A Portable Projector with Power: BenQ Joybee GP2

This high powered little projector has blown my mind!  It’s tiny, portable, and has all the power of its bloated predecessors.

We used it to host an impromptu gaming party at our house.  Pinning a white sheet up on the wall and projecting an Xbox 360 via the GP2 we were able to run two video games at once in my living room.  While a few people played 007 Goldeneye Reloaded on the projector, the other group played Halo Reach on the TV.

We were quite impressed with the crisp and clear image from the projector, especially since we were using a sheet as a projector screen!  The GP2 projects in full 720p HD.

I didn’t expect the tiny unit to provide any external sound so I was very surprised when I heard the Xbox load into the dashboard.  Although the external speaker is nothing special, for such a small projector I was very impressed.


The projector has jacks for iPhone/iPod, HDMI, PC, A/V, Audio input, and Audio output.  I had a little trouble getting my iPhone to work properly with the projector, but after plugging and unplugging it a few dozen times was able to get a slideshow to play through the projector.  Most of the time my iPhone didn’t recognize the “device” and I couldn’t get my iPhone to show up on the projectors “iOS” controls.

The projector is very unstable and only projects a 100% stable image when sitting flat.  If you use the little leg that comes with it, it throws off the balance and the projector leans hard to one side or the other.  I end up stacking some playing cards under one side to keep it stable.  I’m not impressed with this, but for something so portable you can’t really complain!

The device comes with a power cord and is a little bulky with the attached transformer.  It would have been nice to include a smaller cord, but when I jam everything into the small BenQ travel bag, it all fits.  There is an option to purchase a battery with 3 hours of life.  I have a feeling this battery while making the unit more portable would also assist in stabilizing the unit.

I tried watching a Star Trek episode off a USB stick and found the audio and video did not sync properly.  This is normal though since sometimes I run a MKV file on my media player no problem but then experience an audio/video sync issue on my downstairs TV which supports USB.  When I popped a simple video file onto a USB stick and plugged it in, I had no problem getting it to play.  I watched laying down with the video being projected onto the ceiling of my bedroom and used the headphone audio jack.

Overall I would give this projector 3.5/5 stars.  It loses 1 star for the physical instability of the unit and a half a star for the bulky power cord and battery being sold separably.  Would I buy it again?  Yes, but I think that BenQ still has a few issues to work out, so if I could wait for the next model I would do so.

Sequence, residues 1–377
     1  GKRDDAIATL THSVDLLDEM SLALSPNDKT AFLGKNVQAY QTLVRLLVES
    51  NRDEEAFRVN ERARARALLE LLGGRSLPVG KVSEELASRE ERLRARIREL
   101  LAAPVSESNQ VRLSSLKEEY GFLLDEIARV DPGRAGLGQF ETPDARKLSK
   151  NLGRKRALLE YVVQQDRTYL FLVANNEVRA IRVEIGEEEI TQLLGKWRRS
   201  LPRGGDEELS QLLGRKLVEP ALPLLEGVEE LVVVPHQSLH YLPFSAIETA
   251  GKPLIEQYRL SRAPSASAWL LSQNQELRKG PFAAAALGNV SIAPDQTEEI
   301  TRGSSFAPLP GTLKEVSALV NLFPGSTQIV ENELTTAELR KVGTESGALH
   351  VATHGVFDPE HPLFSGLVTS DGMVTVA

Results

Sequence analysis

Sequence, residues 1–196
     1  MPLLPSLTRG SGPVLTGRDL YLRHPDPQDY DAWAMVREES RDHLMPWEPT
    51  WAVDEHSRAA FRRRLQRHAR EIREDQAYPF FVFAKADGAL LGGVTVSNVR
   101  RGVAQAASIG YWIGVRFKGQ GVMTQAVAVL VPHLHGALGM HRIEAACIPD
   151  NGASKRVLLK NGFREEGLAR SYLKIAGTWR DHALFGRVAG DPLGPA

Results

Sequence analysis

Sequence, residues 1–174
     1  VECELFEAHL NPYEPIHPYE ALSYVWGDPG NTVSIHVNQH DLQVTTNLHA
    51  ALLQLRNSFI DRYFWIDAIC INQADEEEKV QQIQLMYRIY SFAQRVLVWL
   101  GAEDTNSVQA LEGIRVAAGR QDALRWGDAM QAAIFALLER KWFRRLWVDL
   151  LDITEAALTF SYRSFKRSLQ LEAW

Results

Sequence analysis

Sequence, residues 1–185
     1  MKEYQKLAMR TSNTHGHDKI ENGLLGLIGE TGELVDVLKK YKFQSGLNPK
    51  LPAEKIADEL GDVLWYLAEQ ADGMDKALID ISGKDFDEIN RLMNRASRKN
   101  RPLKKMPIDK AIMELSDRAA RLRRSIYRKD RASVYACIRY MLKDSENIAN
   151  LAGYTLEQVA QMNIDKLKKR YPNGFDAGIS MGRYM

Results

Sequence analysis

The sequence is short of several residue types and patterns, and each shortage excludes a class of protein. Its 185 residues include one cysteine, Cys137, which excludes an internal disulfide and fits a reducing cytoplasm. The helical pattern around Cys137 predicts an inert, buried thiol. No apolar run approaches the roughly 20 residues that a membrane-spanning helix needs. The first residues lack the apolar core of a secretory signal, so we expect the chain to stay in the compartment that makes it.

Product Specs:

Projection System DLP
Native Resolution WXGA (1280 x 800)
Brightness* 200 ANSI lumens
Contrast Ratio 2400 : 1
Display Color 1.07 Billion Colors
Lens F=1.93, f=26.95mm
Aspect Ratio Native 16:10 (5 aspect ratio selectable)
Throw Ratio 1.13 (44” @ 1m)
Image Size (Diagonal) 20”-160”
Zoom Ratio Fixed
Lamp (Normal/Economic Mode)* LEDx3, 20,000/30,000 hours
Keystone Adjustment 1D, Vertical ± 40°
Projection Offset 100%±5%
Resolution Support VGA (640 x 480) to UXGA (1600 x 1200)
Horizontal Frequency 31~99KHz
Vertical Scan Rate 23~120Hz
Interface Computer in (D-sub 15pin) x 1 (via CEA 30 pin cable)
Composite Video in (RCA) x 1 (via CEA 30 pin cable)
HDMI (v1.3) x 1 (mini type)
Audio in (Mini Jack) x 1
Audio L/R in (RCA) x 1 (via CEA 30 pin cable)
Audio out (Mini Jack) x 1
iPod/iPhone Universal Dock x 1
Speaker 2W Stereo x 2
USB (Type A) x 1 (USB Reader)
USB (Type Mini B) x 1 (USB Display/File Transfer) Compatible with Win XP SP2 32 bit , Win Vista 32/64 bit , Win7 32/64 bit
Card Reader x 1 (SD, SDHC up to 16GB)
Internal memory 2GB (1.3 GB for user usage)
Dimensions(W x H x D) 140.3 x 52.5 x 129.8 mm (without battery)
140.3 x 93.8 x 129.8 mm (with battery)
HDTV Compatibility 480i, 480p, 576i, 576p, 720p, 1080i, 1080p
Video Compatibility NTSC, PAL, SECAM
Weight 0.56kg (1.23lbs) (without battery)
1.05kg (2.31lbs) (with battery)
Audible Noise 29/24 dBA (Normal/Economic mode)
Power Supply AC 100 to 240 V, 50/60 Hz
Power Consumption 45W/34W ( Normal/Eco) , Standby<1W
On-Screen Display Languages Arabic / Bulgarian/ Croatian/ Czech/ Danish/ Dutch/ English/ Finnish/ French/ German/ Greek/ Hungarian/ Hindi / Italian/ Indonesian/ Japanese/ Korean/ Norwegian/ Polish/ Portuguese/ Romanian/ Russian/ Simplified Chinese/Spanish/ Swedish/ Turkish/ Thai / Traditional Chinese (28 Languages)
Accessories (Standard) Remote Control w/ Battery
Carry Bag
Adapter (by region)
USB Cable
Power code
User Manual CD
Quick Start Guide
Warranty Card (by region)
CEA 30 Pin Cable
Accessories (Optional) Battery
(1) 3 hours battery life @ 100 ANSI lumens (1 hour @ 200 ANSI lumens)
(2) Battery life time : 300 cycles charging
(3) Charging time : 3.5 hours in empty condition
Multimedia Formats Supported Video:
JPG (.jpg/.jpeg) , BMP (.bmp) , PNG (.png)
MKV built-in, SRT (.srt)
Adobe PDF 1.0~1.4 (pdf), MS PowePoint 97~2010 (ppt, pptx), MS Excel 95~2010 (xls, xlsx),
MS Word 95~2010 (doc, docx), Text (txt)
*Lamp life results will vary depending on environmental conditions and usage. Actual product’s features and specifications are subject to change without notice. Projection quality and limitations may vary depending on the compatibility of the iPhone/iPod/iPad application and/or downloaded content in use.


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About Jonathan G. Nelson

Jonathan G. Nelson is the editor-in-chief and owner of NERD TREK. He is also owner/publisher at AAW Games / AdventureAWeek.com, a tabletop gaming company based in Snoqualmie, WA. Connect with Jonathan via Facebook.